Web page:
Scottish Apprentice Awards revivied

Sarah Cosgrove
Tuesday, May 24, 2016

Graphic Enterprise Scotland (GES) has revived the tradition of apprentice awards in Scotland after they disappeared along with the last printing college course, and declared them a success.

Scottish Apprentice Award winners
Scottish Apprentice Award winners

The trade association held its first Apprentice Awards at the end of April and gave seven out of 30 current Scottish apprentices awards, with the overall apprentice of the year named as screen printer Robert Hughes of Bar One Clothing.

GES director Donald Cooper said Hughes won the top gong for “his overall performance, the quality of his portfolio and his attitude and application”.

Sponsoring the event were HP, which provided tablets as prizes, and Muller Martini. Channel business manager, HP large-format production products Jane Rixon and Muller Martin sales manager for northern Europe David McGinlay both attended and presented prizes. Maclay Murray and Spens offered sponsorship to the overall event. GES also gave the winners £100 book tokens.

Cooper said: “There was a really positive response. All the employers whose lads were on the shortlist were there. 19 apprentices turned up so we were pleased. You hope the other 12 went away inspired. The employers were delighted that their apprentices were recognised.

“It will be an annual event now we’ve got the ball rolling.”

McGinlay praised the awards and explained why he and his company became sponsors.

“I was an apprentice that came through the Glasgow College of Building and Printing, I thought it was time to put something back," he said.

"The apprentices were all young and enthusiastic, smart and presentable. It was quite encouraging to see that. The industry as a whole has a problem attracting young people but there’s a future in this industry if you just keep your head down and get on with it.”

Rixon, who is also a GES non-exececutive director representing printing technology manufacturing, said: "It was great to see so many young people supported by their friends and family take pride in their achievements. 

"Printing is a real skill and one that we need to support and encourage so I was proud to be associated with the apprenticeship scheme and the awards themselves on behalf of HP." 

The awards were once held by the City of Glasgow College, which the former Glasgow College of Building and Printing merged into, but were stopped along with print college courses. Now all Scottish print apprenticeships are administered by GES and fully provided in the workplace.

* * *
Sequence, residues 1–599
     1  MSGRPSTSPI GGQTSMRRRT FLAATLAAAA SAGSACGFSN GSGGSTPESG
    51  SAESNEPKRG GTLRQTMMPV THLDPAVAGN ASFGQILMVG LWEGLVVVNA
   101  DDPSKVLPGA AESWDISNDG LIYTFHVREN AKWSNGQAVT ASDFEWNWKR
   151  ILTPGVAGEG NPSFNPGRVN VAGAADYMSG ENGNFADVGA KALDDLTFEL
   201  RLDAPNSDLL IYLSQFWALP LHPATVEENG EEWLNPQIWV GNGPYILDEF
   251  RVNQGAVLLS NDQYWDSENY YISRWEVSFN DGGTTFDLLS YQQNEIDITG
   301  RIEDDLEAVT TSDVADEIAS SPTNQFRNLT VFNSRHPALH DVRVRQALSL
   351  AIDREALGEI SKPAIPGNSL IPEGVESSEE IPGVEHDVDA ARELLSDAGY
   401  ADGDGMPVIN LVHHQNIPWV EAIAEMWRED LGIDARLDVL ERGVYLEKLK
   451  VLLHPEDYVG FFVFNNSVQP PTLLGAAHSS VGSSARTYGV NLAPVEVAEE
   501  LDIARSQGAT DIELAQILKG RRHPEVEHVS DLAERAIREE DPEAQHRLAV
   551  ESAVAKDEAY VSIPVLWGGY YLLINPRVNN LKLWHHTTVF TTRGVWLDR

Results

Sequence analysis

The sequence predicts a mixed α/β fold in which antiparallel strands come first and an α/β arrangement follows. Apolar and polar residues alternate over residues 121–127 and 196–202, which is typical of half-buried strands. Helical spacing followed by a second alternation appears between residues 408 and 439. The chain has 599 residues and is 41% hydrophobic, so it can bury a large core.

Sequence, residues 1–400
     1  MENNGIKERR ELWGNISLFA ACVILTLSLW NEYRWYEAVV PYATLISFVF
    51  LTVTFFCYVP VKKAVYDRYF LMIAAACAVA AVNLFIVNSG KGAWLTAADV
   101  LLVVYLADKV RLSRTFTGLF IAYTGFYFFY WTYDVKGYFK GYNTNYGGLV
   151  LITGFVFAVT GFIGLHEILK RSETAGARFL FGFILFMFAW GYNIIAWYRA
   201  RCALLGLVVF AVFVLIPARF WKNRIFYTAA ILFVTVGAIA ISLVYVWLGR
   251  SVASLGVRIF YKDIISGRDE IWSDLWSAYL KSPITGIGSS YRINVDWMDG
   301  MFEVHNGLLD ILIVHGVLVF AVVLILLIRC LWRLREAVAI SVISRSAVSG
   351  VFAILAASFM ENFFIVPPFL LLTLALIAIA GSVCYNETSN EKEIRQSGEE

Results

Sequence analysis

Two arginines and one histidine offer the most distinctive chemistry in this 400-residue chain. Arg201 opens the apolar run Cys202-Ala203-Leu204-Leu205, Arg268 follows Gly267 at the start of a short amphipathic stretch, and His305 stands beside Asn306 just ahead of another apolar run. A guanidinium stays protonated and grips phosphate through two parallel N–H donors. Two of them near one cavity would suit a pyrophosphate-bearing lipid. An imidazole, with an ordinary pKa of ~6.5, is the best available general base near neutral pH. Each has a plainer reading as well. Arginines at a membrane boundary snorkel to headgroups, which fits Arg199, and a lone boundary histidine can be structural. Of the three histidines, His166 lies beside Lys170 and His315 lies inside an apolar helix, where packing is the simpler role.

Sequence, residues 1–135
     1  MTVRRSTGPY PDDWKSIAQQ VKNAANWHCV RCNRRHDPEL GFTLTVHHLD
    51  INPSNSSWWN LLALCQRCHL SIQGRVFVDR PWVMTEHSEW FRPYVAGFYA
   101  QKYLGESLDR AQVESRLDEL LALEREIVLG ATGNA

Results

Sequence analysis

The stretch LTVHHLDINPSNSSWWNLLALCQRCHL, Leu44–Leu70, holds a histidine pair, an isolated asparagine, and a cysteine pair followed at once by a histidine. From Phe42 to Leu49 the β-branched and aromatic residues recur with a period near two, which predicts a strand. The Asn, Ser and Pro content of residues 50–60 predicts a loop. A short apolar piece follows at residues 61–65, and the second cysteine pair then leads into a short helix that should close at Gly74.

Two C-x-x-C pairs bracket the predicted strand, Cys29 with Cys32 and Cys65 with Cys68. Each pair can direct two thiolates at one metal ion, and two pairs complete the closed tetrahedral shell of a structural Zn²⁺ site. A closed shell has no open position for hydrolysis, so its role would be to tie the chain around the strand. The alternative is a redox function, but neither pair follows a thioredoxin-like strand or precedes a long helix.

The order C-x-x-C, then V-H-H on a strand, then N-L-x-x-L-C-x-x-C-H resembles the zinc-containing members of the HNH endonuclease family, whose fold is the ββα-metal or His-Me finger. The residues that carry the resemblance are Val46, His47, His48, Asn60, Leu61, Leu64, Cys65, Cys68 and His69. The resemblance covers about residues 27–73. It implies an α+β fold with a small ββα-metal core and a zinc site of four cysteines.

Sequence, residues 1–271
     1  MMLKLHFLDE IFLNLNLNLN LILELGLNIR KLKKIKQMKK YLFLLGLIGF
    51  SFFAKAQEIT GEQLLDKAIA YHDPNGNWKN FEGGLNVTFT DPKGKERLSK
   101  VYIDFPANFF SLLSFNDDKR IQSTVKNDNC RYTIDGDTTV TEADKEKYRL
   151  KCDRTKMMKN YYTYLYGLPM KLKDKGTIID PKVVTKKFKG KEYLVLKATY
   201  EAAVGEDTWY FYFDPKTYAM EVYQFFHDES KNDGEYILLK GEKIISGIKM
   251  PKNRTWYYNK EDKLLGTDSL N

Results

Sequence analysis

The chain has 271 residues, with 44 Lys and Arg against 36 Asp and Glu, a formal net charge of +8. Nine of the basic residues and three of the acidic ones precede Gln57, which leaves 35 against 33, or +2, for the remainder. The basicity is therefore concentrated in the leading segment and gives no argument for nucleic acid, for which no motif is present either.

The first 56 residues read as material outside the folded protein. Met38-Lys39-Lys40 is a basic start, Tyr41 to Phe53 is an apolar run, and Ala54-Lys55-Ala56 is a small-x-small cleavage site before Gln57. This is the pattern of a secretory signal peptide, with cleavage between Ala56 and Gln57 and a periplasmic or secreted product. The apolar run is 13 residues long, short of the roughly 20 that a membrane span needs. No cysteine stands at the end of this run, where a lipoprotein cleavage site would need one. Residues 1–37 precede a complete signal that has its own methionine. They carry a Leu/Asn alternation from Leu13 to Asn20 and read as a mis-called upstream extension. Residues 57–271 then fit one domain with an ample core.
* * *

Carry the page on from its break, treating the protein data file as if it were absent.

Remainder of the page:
Cooper said: “We thought there was an increasing need to draw attention to apprenticeships. We’re trying to encourage apprenticeships to achieve more and employers to invest more.

“I think there’s still a general feeling through the system that children would be encouraged to take on further education and generally speaking that means university. We’re trying to get employers, parents and schools to see the benefit of apprenticeships.”

He said sometimes apprenticeships can be a tough sell at events like parents’ evenings, when up against the perceived high-status institutions like Edinburgh and Glasgow Universities but GES tried to get young people to understand that there are many routes to success.

“It doesn’t have to be through a degree. You get paid for learning. The reality of our industry is that wherever you start in our industry you can end up anywhere you like, you’re only limited by your ambition. There is no glass ceiling.”

As if to prove the point, GES's next president, due to formally take over at the next AGM in June, Stephen Docherty started as an apprentice. Now he is the co-owner and managing director of Bell & Bain.

Indeed, according to Cooper, doing a print apprenticeship can even get you further than a university degree.

“If you want to work abroad and you’re looking for a job in Australia or anywhere, if you say you’re on a Heidelberg four-colour Speedmaster they know that, a lot of the time, it’s exactly the same machinery. The skills and experience is all transferrable. It’s all recognised in other countries,” he said.

The other winners were:

Digital print production apprentice of the year - Aaron Curley, J Thomson Colour

Level 2 machine printing apprentice of the year- Lachlan Johnston, Meigle Colour Printers

Level 2 mechanised print finishing and binding apprentice of the year - Callum Brash, Tradeprint

Level 3 digital print production apprentice of the year- Lewis Maitland, Service Graphics.

Level 3 machine printing apprentice of the year - Ross Veitch, CV Labels

Level 3 mechanised print finishing and binding apprentice of the year - Daryl Naismith, Bell & Bain

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